Growing Joe-Pye Weed

Growing Joe-Pye Weed
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Growing Joe-Pye WeedJoe-Pye Weed, Eupatorium purpureum, is an amazing plant that is an herb, a wildflower, a butterfly plant and an ornamental for the flower bed.

It obtained its name after a Native American herbalist, named Joe-Pye, cured fevers using the Eupatorium plant. Though we tend to think of it as a wildflower in the U.S., it's long been an ornamental plant in England where cottage gardens are so popular. 

Joe-Pye is perky and full of blooms when many other plants are finished and it lasts until hard frost. Place it in the back of the border or give it a corner all its own in a sunny, fertile position. Joe-Pye does best when it's placed in a moist location, but it will adapt to a dryer location, even though it won't do its best. If you enrich the soil with organic matter and keep it watered, it should do fine.

If you have a butterfly garden, then Joe-Pye a must-have plant! The Eastern Tiger Swallowtail, Great Spangled Fritillary, Pearl Crescent, Monarch, and the Tawny-edged Skipper are just some of butterflies known to love Joe-Pye. It's a perennial that can be divided every 2 years. The stalks are hollow and will fall over if not sheltered from the wind. They will look neater if they are staked early. Pinch back Joe-Pye plants in the early summer it will help them grow a little shorter and bushier. They bloom July through October or till frost.

Joe-Pye can be started from seed indoors 8-10 weeks prior to the last spring frost. Sow on seed starting mix, lightly covering so light can reach the seeds. Moisten the mix and place the pot or container in a plastic bag. Place the covered container in the refrigerator for 8-10 weeks, then remove it and set in a room where it's 68-70ºF. The seed should germinate in 3-7 days. You can also direct seed in any season into the soil if you are growing it as a wildflower. If you want to collect seeds from the plant, they will be very very thin, and tiny--at the base of the cluster of flowers. The seeds for Joe-Pye can be found here.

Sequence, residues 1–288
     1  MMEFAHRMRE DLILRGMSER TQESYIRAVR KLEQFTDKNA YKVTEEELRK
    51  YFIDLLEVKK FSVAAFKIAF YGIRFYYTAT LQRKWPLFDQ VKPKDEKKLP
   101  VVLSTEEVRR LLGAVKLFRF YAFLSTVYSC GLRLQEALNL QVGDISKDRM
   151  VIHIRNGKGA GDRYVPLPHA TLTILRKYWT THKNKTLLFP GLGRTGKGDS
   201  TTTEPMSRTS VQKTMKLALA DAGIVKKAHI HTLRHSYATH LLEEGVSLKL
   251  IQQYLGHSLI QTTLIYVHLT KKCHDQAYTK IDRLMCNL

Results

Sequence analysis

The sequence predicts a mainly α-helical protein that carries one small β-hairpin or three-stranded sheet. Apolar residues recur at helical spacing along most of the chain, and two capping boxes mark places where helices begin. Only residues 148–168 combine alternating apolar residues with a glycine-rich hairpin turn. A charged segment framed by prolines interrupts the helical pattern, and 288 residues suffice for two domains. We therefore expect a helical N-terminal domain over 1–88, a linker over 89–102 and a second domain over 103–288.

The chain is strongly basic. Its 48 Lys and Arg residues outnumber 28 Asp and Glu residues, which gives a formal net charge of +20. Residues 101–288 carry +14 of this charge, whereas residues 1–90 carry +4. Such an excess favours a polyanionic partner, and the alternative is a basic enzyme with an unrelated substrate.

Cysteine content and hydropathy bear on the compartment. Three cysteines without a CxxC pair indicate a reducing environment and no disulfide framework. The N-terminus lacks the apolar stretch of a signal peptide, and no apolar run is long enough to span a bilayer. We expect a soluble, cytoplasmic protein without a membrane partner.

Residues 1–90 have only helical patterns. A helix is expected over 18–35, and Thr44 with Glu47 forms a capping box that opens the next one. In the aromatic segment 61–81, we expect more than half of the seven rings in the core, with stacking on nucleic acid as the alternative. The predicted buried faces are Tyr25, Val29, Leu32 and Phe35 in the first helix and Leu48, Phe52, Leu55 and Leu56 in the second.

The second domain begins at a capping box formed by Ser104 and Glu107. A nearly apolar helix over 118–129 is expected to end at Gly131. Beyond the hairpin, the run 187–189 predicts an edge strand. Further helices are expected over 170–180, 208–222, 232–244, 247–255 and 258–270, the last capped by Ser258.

Joe-Pye is known by the common names Queen of the Meadow, gravel root, kidney root, mist-flower, snakeroot and purple boneset. There are quite a few varieties of Eupatorium to choose from. The smallest is a dwarf variety, E. maculatum (Gateway) that grows to about 4 foot tall, and has reddish stems, more blooms and larger flowerheads. It's very cold hardy, and will grow even in Zone 3. It can also be grown in large containers, as long as it watered regularly. The Gateway variety of Joe-Pye is carried by Nature Hills.

Other varieties are E. aromaticum; E. perfoliatum, E. rugosum, E. coelestinum, and E. purpureum. Some will grow to 10 foot tall! They range from darker purples, wine, lavender and white. The purple shades seem to attract butterflies better than the white. Be SURE to check when buying as to the height of the variety so you won't be surprised. Some varieties are more fragrant than others, and they have a vanilla-like fragrance. If you aren't growing it for butterflies, it also makes a lovely cut flower and they can be dried as well.

Joe-Pye will combine beautifully with butterfly bush (buddleia), Liatris, bee balm (Monarda), yarrow, and anise hyssop. It really is unfortunate that this lovely plant was labeled with the word "weed" because it's nothing of the sort, and is beneficial to our planet in so many ways.

Image: Creative Commons License


About The Author

Brenda Hyde is a freelance writer living on ten acres in rural Michigan with her husband and three kids. She is a mom, grandma, gardener, cook and writer. She blogs on all of these topics at


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